Re: [homenet] Updating DNS [was: How many people have installed the homenet code?]

Ted Lemon <> Sun, 24 April 2016 03:04 UTC

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From: Ted Lemon <>
Date: Sat, 23 Apr 2016 23:03:29 -0400
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To: Juliusz Chroboczek <>
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Cc:, Markus Stenberg <>
Subject: Re: [homenet] Updating DNS [was: How many people have installed the homenet code?]
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Juliusz, the problem is that existing home network devices that do
DNS-based service discovery do not support DNS update.   They could, but
they don't, because we didn't define an easy way for them to do it.   Just
2136 isn't enough, because there's no authentication scheme, and name
servers typically don't take updates from devices, nor is the default
domain on a typical home network actually even under the control of the
owner of that network.

The reason for doing mdns snooping is that we have no choice.   It's not a
great solution.   However, I believe it can be done in a way that is clean
and works.   It will not be stateless, although whether the state needs to
be persistent is an interesting question.  mDNS isn't actually entirely
stateless anyway, FWIW.

If you think this is a can of worms you'd rather not open, I can understand
that, but Stuart and I have had some pretty good conversations about this,
and I remain convinced that we can make it work, so I'd encourage you to
see what comes out of that process rather than assuming that the situation
is hopeless.

On Sat, Apr 23, 2016 at 1:35 PM, Juliusz Chroboczek <> wrote:

> >> Do you mean, (1) how is a DNS resolver advertised to clients, or
> >> (2) how clients are registered in DNS ?
> >>
> >> (1) is done by using the -N flag on the router advertising an external
> >> connection (-E).  This flag can be repeated multiple times.
> > hnetd grabs this automatically from wan-facing DHCP client,
> Yep.  Shncpd might learn to act as a DHCPv4 and DHCPv6-PD client at some
> point.  (But first implement IPv4 edge router election, which is one of
> the three missing features that I feel are necessary, security aside.)
> >> (2) is a host issue, so I believe it is better handled outside of
> shncpd,
> >> but I'm quite willing to be convinced otherwise.  (The obvious
> alternative
> >> would be to have shncpd update DNS when it gives out a DHCP lease, but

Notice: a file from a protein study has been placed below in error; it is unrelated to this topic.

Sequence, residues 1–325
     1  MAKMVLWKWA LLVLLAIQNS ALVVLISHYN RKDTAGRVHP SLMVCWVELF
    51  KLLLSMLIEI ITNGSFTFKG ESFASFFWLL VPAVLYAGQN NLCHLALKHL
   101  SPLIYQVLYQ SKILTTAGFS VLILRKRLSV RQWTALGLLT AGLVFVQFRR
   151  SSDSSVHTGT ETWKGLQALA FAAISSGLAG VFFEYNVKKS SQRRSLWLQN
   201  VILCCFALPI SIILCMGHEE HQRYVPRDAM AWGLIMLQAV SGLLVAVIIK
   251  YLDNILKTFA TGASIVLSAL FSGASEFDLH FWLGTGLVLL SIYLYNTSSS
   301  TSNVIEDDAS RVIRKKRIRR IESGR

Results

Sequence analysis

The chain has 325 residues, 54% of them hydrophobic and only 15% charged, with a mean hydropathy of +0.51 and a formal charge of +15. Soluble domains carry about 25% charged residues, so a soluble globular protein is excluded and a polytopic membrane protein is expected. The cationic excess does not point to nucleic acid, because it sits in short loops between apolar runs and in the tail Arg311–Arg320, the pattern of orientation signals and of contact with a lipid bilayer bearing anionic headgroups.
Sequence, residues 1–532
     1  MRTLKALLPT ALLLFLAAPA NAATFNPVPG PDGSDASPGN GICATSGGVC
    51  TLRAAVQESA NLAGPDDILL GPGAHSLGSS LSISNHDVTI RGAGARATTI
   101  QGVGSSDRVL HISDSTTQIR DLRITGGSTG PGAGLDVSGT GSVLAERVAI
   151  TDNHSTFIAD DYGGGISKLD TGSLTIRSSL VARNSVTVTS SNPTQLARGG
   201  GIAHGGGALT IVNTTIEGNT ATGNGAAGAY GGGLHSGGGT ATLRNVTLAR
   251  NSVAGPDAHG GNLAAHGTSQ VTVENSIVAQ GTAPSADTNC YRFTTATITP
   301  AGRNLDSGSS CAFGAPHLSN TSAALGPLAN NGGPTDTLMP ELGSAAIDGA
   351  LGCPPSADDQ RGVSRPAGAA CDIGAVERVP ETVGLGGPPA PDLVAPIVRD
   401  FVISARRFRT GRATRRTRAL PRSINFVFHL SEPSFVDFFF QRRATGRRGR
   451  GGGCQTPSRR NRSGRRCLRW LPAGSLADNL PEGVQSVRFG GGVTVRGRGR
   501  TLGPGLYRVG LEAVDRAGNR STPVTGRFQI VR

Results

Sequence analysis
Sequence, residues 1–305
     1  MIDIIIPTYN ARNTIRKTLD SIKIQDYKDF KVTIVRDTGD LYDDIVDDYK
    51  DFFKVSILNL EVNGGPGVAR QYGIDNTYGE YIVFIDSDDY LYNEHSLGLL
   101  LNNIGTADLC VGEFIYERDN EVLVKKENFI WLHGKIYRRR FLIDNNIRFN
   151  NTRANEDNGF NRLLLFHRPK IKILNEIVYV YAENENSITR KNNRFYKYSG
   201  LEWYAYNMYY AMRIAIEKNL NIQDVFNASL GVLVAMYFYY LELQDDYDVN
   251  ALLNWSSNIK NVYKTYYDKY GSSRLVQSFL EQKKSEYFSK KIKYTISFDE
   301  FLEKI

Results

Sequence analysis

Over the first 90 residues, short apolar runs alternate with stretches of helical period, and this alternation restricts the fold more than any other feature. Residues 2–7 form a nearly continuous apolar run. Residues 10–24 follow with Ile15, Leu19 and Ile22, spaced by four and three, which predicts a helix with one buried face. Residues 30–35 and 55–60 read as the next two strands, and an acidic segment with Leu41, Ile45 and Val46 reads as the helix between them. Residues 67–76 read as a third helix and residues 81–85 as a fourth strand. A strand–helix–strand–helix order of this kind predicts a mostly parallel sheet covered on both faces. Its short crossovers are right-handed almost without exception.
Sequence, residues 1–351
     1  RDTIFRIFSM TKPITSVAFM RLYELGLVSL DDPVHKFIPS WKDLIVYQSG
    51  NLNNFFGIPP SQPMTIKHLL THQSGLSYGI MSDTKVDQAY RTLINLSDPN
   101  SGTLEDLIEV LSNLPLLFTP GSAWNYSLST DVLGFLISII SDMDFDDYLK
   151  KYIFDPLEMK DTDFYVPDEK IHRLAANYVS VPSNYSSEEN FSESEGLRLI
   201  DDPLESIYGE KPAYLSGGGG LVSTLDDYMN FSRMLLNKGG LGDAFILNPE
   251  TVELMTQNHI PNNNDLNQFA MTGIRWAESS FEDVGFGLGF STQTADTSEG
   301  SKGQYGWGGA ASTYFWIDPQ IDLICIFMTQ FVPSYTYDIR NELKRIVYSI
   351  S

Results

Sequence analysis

> >> that would mean giving up on stateless autoconf.)
> > Well, DHCPv4 is stateful anyway, and you could in theory bind state from
> > there as well (at least if you do IPv4).
> Yes.  I'm not sure how shncpd should update the state, though, since it
> doesn't act as a DNS resolver, it only passes the address of an existing
> DNS resolver to clients, and I don't want to bind it to any specific
> implementation of a DNS resolver.
> >> Markus, Steven, Ted?  What's the plan here?  Do we count on mDNS
> proxying,
> >> or should we be advertising an RFC 2136 server over HNCP?
> > I think the plan varies ;-)
> Yeah, that's what I gathered.
> > hnetd (and current HNCP + my expired autoconf draft) are based on the
> > idea of using mDNS _and/or stateful DHCPv4 and/or stateful DHCPv6 to
> > determine what’s on each link,
> Quoting Stephen:
>    I agree with you as well, initially odhcpd did only do RAs and
>    stateless DHCPv6 however the user community liked their stateful
>    (v4isms) all too much so I had to give in. ;)
>    --
> > Ted’s draft proposes either learn-from-mDNS (=proxy DNS-update) and/or
> > (manually/automatically configured client-sourced) DNS-update
> > scheme. I am worried about zone merging + conflict resolution, although
> > if it works out it sounds like a good solution.
> > (Zone merging + plain hybrid proxy is at least very problematic, if you
> > want hybrid proxies to remain stateless. I have looked at it and it is
> > neither pretty nor efficient.)
> I haven't looked at it, but my instinct would be to agree with you --
> proxying in the presence of merging sounds like a can of worms that we
> don't want to open.
> Do any of the Wise People on this list have opinions about RFC 2136?
> -- Juliusz
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